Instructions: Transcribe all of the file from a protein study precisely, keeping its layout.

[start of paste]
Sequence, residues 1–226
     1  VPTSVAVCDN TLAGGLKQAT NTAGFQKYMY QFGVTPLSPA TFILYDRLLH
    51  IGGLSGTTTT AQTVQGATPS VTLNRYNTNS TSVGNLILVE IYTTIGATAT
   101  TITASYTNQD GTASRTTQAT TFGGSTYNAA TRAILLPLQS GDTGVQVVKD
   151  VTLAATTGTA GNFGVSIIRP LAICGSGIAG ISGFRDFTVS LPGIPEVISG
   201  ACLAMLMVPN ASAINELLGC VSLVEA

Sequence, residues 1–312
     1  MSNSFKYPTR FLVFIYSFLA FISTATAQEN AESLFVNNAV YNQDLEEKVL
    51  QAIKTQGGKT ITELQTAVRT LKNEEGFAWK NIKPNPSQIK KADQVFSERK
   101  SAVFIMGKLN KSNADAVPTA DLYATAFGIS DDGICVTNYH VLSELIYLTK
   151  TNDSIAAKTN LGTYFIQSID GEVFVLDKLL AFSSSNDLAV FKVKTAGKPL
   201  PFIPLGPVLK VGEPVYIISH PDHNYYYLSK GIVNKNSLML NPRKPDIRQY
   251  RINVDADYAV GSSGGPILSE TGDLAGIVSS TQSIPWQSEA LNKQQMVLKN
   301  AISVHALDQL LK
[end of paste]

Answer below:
Sequence, residues 1–226
     1  VPTSVAVCDN TLAGGLKQAT NTAGFQKYMY QFGVTPLSPA TFILYDRLLH
    51  IGGLSGTTTT AQTVQGATPS VTLNRYNTNS TSVGNLILVE IYTTIGATAT
   101  TITASYTNQD GTASRTTQAT TFGGSTYNAA TRAILLPLQS GDTGVQVVKD
   151  VTLAATTGTA GNFGVSIIRP LAICGSGIAG ISGFRDFTVS LPGIPEVISG
   201  ACLAMLMVPN ASAINELLGC VSLVEA

Sequence, residues 1–312
     1  MSNSFKYPTR FLVFIYSFLA FISTATAQEN AESLFVNNAV YNQDLEEKVL
    51  QAIKTQGGKT ITELQTAVRT LKNEEGFAWK NIKPNPSQIK KADQVFSERK
   101  SAVFIMGKLN KSNADAVPTA DLYATAFGIS DDGICVTNYH VLSELIYLTK
   151  TNDSIAAKTN LGTYFIQSID GEVFVLDKLL AFSSSNDLAV FKVKTAGKPL
   201  PFIPLGPVLK VGEPVYIISH PDHNYYYLSK GIVNKNSLML NPRKPDIRQY
   251  RINVDADYAV GSSGGPILSE TGDLAGIVSS TQSIPWQSEA LNKQQMVLKN
   301  AISVHALDQL LK